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Bluetooth Bluetooth Feature Evolution Specifcatons 1.1 1.2 2.0 + EDR 2.1 + EDR 3.0 + HS 4.0 Voice Dialing Yes Yes Yes Yes Yes Yes Yes Yes Yes Yes Yes Yes Yes Yes Yes Yes Yes Yes Fast Transmission Speeds Yes Yes Yes Yes Lower Power Consumption Bluetooth Low Energy Yes Yes Yes Yes Call Mute Last-Number Redial Yes
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Measurement Tech/Apps Matrix Network Measurement Apps, Tech, Who Matrix 23-Sep-99 Tech\App pchar netperf/ttcp netlogger netflow virtue/pablo/etc gloperf/NWS LDAP SQL database UDP traffic gen Application Team Type admin admin application admin/app application application application application admin UC to Labs yes yes later later NU to ANL IM+ yes yes especially yes later yes especially later especially CAVERNsoft Accessbot yes yes yes ? yes yes yes yes later later yes yes yes yes yes later yes especially Cactus yes yes yes yes later yes yes later yes Mambretti Jason, Andy Jason, Alan Shalf Chuck Sellers Chen Steve Tuecke JJ, Tom Coffin Seidel (FTP mainly) Ian Dan Sandin Linda Ian, Linda Techspert Linda, Alan Ian, Volker Ian, Ruth Mike, Randy Ruth Ian Ian Ian Alan University of Illinois at Chicago
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Decision System & Reducts (Rough Sets) Reduct1 = {Muscle-pain,Temp.} U U Headache U1 U2 U3 U4 U5 U6 Yes Yes Yes No No No Muscle pain Yes Yes Yes Yes No Yes Temp. Flu Normal High Very-high Normal High Very-high No Yes Yes No No Yes We are looking for rules describing Flu in terms of Headache, Muscle Pain, Temp. Muscle pain U 1,U4 Yes Yes U2 U3,U6 Yes No U5 Temp. Flu Normal High Very-high High No Yes Yes No Reduct2 = {Headache, Temp.} U Headache Temp. Flu U1 U2 U3 U4 U5 U6 Yes Yes Yes No No No Norlmal High Very-high Normal High Very-high No Yes Yes No No Yes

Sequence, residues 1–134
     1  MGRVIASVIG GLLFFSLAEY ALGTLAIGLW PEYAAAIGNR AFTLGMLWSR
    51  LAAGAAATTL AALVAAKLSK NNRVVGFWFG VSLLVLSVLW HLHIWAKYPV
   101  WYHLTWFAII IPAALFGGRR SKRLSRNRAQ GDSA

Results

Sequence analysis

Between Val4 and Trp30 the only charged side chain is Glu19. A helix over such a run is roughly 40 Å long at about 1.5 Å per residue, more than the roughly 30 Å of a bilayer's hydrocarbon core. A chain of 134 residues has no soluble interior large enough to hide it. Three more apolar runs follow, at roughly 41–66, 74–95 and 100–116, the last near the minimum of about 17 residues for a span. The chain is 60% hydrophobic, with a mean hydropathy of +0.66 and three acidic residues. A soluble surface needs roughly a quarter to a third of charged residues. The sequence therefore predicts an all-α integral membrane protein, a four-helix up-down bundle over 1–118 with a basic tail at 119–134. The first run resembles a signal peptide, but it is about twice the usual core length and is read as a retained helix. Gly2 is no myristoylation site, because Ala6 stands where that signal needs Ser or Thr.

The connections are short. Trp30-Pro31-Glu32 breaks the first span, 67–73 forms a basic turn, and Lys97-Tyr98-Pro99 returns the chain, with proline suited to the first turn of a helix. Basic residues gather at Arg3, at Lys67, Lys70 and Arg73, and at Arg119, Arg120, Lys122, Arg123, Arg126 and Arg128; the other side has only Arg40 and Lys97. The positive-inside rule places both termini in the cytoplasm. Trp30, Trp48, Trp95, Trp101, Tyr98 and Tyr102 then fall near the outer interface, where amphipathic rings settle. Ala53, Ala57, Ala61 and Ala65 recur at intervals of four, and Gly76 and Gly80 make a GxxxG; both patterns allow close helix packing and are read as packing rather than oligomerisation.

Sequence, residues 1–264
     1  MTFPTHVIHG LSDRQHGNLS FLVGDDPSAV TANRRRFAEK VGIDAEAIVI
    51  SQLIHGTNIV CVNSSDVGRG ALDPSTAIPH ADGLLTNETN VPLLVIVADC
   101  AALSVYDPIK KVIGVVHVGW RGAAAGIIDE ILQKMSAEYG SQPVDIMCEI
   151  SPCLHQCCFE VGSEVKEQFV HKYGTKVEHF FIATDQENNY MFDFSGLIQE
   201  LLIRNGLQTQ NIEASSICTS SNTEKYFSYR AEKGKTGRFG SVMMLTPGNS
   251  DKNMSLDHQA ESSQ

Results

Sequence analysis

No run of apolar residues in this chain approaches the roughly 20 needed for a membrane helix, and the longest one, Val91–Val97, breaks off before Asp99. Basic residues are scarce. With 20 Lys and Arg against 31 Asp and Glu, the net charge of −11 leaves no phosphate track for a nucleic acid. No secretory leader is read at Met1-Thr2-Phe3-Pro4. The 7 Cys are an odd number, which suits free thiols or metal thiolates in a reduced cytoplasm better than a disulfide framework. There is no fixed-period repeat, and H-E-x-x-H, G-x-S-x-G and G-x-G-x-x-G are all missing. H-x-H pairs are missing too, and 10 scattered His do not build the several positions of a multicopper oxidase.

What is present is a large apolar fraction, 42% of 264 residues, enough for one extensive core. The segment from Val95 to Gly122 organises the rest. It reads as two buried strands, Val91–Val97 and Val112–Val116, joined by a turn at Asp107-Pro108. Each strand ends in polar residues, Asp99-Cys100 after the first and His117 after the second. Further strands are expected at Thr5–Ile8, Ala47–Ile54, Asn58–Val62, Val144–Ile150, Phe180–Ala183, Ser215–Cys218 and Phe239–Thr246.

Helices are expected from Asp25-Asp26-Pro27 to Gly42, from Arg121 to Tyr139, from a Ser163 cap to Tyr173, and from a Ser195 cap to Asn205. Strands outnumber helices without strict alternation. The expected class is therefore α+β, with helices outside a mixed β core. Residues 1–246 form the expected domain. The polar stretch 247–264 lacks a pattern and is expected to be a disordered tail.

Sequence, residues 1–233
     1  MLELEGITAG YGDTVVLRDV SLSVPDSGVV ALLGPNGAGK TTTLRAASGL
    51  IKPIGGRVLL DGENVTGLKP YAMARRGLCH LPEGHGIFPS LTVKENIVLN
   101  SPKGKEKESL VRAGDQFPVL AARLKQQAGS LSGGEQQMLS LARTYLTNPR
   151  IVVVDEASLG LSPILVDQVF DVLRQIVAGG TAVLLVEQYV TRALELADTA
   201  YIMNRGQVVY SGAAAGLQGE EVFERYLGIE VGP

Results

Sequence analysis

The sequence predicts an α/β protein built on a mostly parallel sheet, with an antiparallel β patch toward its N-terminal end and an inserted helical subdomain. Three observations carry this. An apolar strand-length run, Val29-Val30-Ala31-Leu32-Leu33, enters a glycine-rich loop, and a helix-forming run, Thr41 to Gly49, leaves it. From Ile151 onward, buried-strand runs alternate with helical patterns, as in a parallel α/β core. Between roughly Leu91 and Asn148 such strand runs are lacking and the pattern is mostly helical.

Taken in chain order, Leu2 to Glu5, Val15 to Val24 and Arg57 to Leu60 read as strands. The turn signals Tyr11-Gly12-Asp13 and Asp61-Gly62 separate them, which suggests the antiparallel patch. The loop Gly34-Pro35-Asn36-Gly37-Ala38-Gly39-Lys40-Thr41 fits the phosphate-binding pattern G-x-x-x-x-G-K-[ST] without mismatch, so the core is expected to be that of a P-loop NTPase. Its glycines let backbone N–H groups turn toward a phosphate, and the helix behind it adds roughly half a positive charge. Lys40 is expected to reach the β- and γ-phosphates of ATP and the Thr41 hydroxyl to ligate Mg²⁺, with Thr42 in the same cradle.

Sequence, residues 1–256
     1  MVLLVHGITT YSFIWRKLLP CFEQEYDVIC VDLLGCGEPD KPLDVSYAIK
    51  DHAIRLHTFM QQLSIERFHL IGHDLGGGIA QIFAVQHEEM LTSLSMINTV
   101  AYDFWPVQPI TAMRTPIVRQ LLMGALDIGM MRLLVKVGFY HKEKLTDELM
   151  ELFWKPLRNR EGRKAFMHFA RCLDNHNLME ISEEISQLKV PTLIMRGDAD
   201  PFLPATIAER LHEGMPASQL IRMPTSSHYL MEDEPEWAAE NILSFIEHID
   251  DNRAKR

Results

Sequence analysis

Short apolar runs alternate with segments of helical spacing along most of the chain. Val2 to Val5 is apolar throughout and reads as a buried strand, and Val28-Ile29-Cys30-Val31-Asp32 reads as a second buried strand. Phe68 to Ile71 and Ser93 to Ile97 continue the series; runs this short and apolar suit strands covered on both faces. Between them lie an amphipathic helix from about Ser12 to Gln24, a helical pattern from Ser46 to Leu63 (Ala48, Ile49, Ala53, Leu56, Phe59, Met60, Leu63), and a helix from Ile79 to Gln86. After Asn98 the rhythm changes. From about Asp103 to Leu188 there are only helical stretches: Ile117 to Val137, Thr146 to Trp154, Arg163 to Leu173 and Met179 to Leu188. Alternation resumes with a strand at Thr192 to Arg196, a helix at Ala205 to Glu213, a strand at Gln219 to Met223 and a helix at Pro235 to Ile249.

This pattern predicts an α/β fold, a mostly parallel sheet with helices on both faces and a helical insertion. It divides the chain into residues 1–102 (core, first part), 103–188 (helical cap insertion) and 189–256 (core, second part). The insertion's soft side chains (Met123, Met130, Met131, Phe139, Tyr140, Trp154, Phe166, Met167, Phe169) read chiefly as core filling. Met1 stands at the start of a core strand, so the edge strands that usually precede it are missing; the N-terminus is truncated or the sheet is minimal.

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An Example of Reducts & Core Reduct1 = {Muscle-pain,Temp.} U U Headache U1 U2 U3 U4 U5 U6 Yes Yes Yes No No No Muscle pain Yes Yes Yes Yes No Yes Temp. Flu Normal High Very-high Normal High Very-high No Yes Yes No No Yes CORE = {Headache,Temp}    {MusclePain, Temp} = {Temp} Muscle pain U 1,U4 Yes Yes U2 U3,U6 Yes No U5 Temp. Flu Normal High Very-high High No Yes Yes No Reduct2 = {Headache, Temp.} U Headache Temp. Flu U1 U2 U3 U4 U5 U6 Yes Yes Yes No No No Norlmal High Very-high Normal High Very-high No Yes Yes No No Yes
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Preliminary experiments with sample crawlers Program Allowed Robots.t Resource xt (class) Check -ed? .pdf .doc Banned Resource   (noclass) .html .pdf .doc .html Import.io No No Yes Yes No Yes Yes 80Legs Yes No No Yes No No No Scrapy  No Yes Yes Yes Yes Yes Yes Selenium No No No No No No No ScrapeBox No No Yes Yes No Yes Yes iRobotSoft No No No Yes No No Yes Anenome No No Yes Yes No Yes Yes Selenium was the best, but it does not scale well. The others were not very respectful of robots.txt.
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Review Options Matrix trained leader agenda established reviewers prepare in advance producer presents product “reader” presents product recorder takes notes checklists used to find errors errors categorized as found issues list created team must * sign-off on result IPR* no maybe maybe maybe no maybe no no no no WT yes yes yes yes no yes no no yes yes IN yes yes yes no yes yes yes yes yes yes RRR yes yes yes no no yes no no yes maybe IPR—informal peer review WT—Walkthrough IN—Inspection RRR—round robin review (no face to face meeting)